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Things to do in Edinburgh

Taken on culture alone, Scotland is a world apart from its southern neighbours. Nowhere is this on better display than in Edinburgh, a city steeped in Scottish history and heritage.


Edinburgh Castle

Edinburgh’s castle has watched over the city since the 12th century, though the site has been in use since the 2nd century AD, while the rock on which it stands first erupted over 340 million years ago. That’s quite a legacy for Edinburgh’s most quintessential landmark and historic monument, not to mention the backdrop for the famous Royal Edinburgh Military Tattoo. You’ll want at least two hours to explore, and perhaps follow one of the castle’s recommended itineraries to make the most of your time. Just don’t rush through the fortress’ stunning views over Edinburgh. If the weather’s good, take some time to relax in the inviting Princes Street Gardens, admiring Edinburgh Castle from below.


The Royal Mile

Connecting the castle with Holyroodhouse Palace, this atmospheric artery through Edinburgh’s historic old town enchants at any time of year and bustles with activity during the city’s many festivals. Even without a festival in town, the Royal Mile is a treasure trove of small museums and other attractions to suit just about any interest. Try a tipple at the Scotch Whisky Experience, let your eyes go wide at Edinburgh’s Camera Obscura & World of Illusions, step back into the 1600s at Gladstone’s Land, or ramble through the legacies of Burns, Scott, and Stevenson at the Writers’ Museum.


Mary King’s Close

No tour of haunted Scotland is complete without a walk down Mary King’s Close! Buried beneath the Royal Mile, this narrow street – now accessible only by tour – is one of the world’s most haunted, with sightings recorded as early as the 17th century. Supernatural happenings aside, the history of Mary King’s Close is undeniable. There’s no better preservation of the heritage buried just beneath Edinburgh’s streets.


National Museum of Scotland

With a history quite separate from the rest of the UK, it’s only fair that Scotland be home to its own range of top-notch museums. The National Museum of Scotland is the pick of the bunch, with exhibits devoted not just to Scotland’s history, but to science, nature, design, technology, art, and fashion from around the world. A stroll through the Grand Gallery is sure to put you in the mood for discovery, and best of all, admission is free.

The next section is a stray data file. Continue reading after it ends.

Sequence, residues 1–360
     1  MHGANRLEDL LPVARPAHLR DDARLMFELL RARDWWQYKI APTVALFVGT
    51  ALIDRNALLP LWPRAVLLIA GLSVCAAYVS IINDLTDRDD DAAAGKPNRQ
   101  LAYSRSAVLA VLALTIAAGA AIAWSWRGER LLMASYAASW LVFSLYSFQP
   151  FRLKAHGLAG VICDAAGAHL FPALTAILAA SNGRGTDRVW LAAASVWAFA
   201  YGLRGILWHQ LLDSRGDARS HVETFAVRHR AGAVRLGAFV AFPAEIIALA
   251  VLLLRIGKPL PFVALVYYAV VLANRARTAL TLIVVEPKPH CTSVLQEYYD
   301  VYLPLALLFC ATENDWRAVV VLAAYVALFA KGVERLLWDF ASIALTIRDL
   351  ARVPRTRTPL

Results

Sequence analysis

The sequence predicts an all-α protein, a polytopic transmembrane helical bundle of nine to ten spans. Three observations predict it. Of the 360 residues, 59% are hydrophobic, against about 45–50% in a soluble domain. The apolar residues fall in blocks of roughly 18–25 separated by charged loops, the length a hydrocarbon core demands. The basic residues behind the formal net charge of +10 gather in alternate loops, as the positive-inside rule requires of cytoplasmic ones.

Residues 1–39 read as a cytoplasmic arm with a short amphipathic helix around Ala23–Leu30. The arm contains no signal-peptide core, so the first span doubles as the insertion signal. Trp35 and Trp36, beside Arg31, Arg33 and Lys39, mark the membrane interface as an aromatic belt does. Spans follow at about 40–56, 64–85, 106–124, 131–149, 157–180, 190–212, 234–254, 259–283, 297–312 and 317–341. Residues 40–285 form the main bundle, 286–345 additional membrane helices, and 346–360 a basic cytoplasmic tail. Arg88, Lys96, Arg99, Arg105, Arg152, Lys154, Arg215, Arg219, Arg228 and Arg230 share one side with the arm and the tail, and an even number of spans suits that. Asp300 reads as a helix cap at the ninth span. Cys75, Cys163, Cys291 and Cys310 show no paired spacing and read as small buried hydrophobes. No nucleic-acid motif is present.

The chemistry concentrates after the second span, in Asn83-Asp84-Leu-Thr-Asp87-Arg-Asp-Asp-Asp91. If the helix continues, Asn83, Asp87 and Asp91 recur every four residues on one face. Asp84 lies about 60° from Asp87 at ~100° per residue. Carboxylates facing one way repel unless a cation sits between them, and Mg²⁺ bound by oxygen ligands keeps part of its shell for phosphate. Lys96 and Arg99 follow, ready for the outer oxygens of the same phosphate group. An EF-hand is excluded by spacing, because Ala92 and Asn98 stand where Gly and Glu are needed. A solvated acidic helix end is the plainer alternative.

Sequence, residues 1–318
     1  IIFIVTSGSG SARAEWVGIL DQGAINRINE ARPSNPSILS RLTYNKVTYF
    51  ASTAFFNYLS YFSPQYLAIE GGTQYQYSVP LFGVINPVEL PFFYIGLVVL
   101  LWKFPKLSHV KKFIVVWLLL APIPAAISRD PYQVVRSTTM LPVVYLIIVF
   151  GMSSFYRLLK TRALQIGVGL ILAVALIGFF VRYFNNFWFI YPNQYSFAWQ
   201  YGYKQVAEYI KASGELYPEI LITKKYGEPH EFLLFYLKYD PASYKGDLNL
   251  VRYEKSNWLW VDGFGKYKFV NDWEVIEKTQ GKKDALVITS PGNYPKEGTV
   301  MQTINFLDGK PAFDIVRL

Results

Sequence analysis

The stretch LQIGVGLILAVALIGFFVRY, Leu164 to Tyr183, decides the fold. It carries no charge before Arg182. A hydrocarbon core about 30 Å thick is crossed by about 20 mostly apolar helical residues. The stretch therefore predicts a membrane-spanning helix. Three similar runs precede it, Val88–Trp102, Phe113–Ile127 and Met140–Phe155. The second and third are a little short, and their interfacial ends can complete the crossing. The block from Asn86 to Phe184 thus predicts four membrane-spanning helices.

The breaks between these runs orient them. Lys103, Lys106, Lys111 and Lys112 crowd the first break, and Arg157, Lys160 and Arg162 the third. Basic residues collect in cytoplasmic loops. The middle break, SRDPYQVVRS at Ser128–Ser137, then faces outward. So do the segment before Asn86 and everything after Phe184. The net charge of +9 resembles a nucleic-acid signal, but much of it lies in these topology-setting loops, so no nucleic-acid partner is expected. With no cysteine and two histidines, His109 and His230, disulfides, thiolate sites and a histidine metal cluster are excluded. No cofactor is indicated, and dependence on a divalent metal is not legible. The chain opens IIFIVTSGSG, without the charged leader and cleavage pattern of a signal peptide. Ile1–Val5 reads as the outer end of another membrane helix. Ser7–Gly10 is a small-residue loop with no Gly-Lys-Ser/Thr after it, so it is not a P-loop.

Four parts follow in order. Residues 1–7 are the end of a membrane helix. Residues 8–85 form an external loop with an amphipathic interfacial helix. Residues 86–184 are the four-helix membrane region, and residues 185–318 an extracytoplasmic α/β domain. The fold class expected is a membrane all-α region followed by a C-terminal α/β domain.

Scotch Whiskey and Scottish… Cuisine?

Even if you have only a passing appreciation of whiskey, a taste of Scotland’s national drink in its spiritual home is a must. The Scotch Whisky Experience is touristy, but the tipples are authentic, and you’ll learn a lot about the product along the way. Alternatively, Edinburgh isn’t lacking for good whiskey bars (spelled a variety of different ways) if you prefer your tastings without a side of tourism. Once you’ve sampled a few wee drams, it’s time to think about food. If you think it’s all about haggis and over-boiled vegetables, it won’t take long for Edinburgh’s diverse kitchens to change your mind. Embarking on a tasting tour can be a terrific way to sample the local specialties – yes, including haggis.


St Giles’ Cathedral

A gloriously gothic city like Edinburgh deserves an equally glorious gothic cathedral. St Giles’ has served in this post since the 12th century and remains Scotland’s spiritual heart today. Walking tours help bring the stories and legacy of the building to life. On weekends, there are even guided rooftop tours available for a modest fee. St Giles also hosts a busy calendar of concerts throughout the year, and its cathedral choir plays an active role in church life.


Holyroodhouse Palace